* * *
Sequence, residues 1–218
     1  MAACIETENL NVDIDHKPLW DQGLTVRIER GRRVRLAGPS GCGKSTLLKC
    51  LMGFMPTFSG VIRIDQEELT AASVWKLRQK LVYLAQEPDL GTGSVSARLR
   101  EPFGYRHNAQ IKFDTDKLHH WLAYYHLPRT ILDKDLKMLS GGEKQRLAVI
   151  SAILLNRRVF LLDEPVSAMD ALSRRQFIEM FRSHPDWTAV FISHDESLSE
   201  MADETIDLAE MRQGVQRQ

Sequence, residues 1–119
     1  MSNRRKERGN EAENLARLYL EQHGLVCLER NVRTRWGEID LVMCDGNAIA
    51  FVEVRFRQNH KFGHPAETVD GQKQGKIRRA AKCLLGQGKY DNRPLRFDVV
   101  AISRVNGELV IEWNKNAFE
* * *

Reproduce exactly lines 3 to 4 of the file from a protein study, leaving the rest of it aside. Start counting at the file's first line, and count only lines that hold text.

    51  LMGFMPTFSG VIRIDQEELT AASVWKLRQK LVYLAQEPDL GTGSVSARLR
   101  EPFGYRHNAQ IKFDTDKLHH WLAYYHLPRT ILDKDLKMLS GGEKQRLAVI